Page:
Scientists like Albert Einstein and philosophers like Bertrand Russell or Krishnamurti or Carl Jung have tried to discover this inner light. Philosophers and enlightened souls like Gautam Buddha and Mahāvir had seen that inner light and had preached the way to discover it. Buddha left his royal household in search of an answer to the end of the suffering of mankind. Mahāvir similarly left His kingdom behind to achieve true salvation. Mahāvir too gave a message of love and kindness. However, Mahāvir said that all species on this globe are interdependent and one’s welfare depends on the welfare of another. He said trees, plants and vegetation are also living beings. Our love should be boundless and should reach every corner of the earth. The key to this love is through the observance of goodness and goodness in everyone. Let the life energy be love energy. Let us accept and recognise that all cognisable and noncognisable living entities have the right to existence. Jains say that it is in the benefit of all mankind to be vegetarians. Vegetarianism is an ethic for ecology and physical and mental health.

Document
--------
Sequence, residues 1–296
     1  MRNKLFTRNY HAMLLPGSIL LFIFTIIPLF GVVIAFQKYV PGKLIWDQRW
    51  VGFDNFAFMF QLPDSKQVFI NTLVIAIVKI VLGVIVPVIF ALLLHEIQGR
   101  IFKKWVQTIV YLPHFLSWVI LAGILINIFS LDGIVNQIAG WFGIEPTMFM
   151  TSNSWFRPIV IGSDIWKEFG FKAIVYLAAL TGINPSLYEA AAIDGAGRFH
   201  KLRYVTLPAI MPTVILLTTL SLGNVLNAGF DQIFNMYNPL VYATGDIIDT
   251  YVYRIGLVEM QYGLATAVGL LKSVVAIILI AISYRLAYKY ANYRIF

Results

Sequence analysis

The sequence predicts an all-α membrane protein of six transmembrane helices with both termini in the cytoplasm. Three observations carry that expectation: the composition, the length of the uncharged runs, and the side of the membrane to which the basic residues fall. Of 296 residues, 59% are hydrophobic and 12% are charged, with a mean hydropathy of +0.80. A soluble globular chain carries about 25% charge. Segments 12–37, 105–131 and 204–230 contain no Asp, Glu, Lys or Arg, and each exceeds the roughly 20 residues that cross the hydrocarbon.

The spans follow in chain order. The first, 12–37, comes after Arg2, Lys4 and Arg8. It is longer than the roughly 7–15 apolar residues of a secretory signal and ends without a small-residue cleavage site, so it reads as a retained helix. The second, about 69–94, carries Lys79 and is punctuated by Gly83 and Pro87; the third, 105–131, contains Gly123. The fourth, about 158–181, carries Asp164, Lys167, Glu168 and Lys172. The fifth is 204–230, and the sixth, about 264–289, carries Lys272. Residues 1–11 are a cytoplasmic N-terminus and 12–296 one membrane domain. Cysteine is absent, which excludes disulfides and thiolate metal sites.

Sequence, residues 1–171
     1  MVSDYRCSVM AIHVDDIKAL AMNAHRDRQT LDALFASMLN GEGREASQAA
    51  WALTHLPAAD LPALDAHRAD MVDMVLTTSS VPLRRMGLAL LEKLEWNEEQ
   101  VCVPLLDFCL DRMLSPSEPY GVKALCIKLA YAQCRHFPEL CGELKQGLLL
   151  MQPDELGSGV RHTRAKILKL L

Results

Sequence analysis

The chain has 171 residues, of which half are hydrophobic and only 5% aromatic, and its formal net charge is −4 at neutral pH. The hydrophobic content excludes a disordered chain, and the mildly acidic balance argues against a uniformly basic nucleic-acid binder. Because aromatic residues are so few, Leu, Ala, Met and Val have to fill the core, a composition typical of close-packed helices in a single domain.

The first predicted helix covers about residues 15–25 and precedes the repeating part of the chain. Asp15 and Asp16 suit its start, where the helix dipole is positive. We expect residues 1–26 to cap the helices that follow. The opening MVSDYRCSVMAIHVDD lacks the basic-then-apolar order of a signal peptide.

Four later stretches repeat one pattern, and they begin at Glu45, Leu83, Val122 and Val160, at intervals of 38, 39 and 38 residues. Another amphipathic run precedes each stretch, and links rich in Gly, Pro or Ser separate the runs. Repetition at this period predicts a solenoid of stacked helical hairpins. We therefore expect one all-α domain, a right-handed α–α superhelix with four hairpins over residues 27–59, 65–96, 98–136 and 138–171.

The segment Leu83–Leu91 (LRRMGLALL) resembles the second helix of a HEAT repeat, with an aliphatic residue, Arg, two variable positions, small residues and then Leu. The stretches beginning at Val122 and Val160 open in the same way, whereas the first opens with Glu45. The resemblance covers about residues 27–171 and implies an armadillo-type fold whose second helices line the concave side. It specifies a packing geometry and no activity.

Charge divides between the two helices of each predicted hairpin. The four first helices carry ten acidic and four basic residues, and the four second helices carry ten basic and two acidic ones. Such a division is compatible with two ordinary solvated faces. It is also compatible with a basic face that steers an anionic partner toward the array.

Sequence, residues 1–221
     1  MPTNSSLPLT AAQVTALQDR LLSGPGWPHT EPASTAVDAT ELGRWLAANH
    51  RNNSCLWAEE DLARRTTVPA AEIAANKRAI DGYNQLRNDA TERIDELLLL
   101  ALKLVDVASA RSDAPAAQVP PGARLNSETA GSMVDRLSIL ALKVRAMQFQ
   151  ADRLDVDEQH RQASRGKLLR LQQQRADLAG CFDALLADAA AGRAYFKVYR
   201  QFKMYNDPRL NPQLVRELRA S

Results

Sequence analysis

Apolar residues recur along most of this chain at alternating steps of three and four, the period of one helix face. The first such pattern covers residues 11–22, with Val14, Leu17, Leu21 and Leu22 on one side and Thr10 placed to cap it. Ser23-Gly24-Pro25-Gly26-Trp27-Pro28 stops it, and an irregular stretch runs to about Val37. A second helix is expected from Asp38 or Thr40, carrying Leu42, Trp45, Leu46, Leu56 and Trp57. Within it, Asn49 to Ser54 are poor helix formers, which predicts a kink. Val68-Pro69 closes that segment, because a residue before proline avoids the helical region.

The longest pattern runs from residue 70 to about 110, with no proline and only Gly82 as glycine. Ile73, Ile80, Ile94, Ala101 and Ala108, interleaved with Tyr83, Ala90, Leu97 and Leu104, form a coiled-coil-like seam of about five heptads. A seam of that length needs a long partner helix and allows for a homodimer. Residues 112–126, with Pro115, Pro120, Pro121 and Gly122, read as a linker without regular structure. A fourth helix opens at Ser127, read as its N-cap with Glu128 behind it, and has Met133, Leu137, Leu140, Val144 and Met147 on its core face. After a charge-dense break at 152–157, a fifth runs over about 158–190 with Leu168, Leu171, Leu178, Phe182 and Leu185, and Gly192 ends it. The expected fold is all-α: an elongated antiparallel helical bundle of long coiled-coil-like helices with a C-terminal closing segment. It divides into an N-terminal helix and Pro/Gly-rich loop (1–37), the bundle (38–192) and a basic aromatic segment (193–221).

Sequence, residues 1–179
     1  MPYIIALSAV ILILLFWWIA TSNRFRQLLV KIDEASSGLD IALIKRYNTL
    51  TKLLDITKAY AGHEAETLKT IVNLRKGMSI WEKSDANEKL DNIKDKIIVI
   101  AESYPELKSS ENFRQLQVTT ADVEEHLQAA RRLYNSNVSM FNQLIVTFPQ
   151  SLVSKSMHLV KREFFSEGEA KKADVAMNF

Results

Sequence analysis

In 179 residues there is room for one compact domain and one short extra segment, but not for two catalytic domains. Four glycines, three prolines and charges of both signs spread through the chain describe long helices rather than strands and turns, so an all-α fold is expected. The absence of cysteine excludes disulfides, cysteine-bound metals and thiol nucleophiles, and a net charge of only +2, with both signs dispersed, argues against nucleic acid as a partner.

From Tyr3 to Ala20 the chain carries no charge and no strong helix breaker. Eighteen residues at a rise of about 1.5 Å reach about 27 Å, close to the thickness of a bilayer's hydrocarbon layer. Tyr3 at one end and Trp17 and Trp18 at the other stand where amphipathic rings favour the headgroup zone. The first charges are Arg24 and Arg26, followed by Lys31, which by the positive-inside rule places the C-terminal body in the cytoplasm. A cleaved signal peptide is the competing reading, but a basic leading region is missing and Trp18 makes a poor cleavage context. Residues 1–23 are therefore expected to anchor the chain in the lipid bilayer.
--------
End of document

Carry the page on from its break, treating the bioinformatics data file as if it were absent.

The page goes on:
Jainism is a path, which leads one to achieve freedom from the shackles of attachment and aversion. Jain scholars have always maintained that attachment to worldly things is the cause of karma bondage. This path explains and shows the way of true freedom and this is why it is a way of life, an ideology that transcends arguments and logic- an ideology that makes sense. The path we are shown purifies our soul and kindles a light of knowledge, dispersing the darkness of ignorance. This system provides day-to-day guidelines for practical life and takes man towards a highest goal.

It is said that Jainism is a way of life and has answers, full of logic and perception, for our entire life. It has transcended the boundaries of time and space, as it is a path for mankind. Its code of conduct is based on age-old wisdom, yet it has an essence of life force within. Its rituals have common sense, yet it is beyond ritual. Jainism is a dharma or a true nature of our inner consciousness, which manifests itself in practical life. It is not dogmatic and does not believe in an almighty creator but believes in the potential to become an enlightened soul. It is the path of right perception; right knowledge and right conduct leading towards ‘the ultimate.’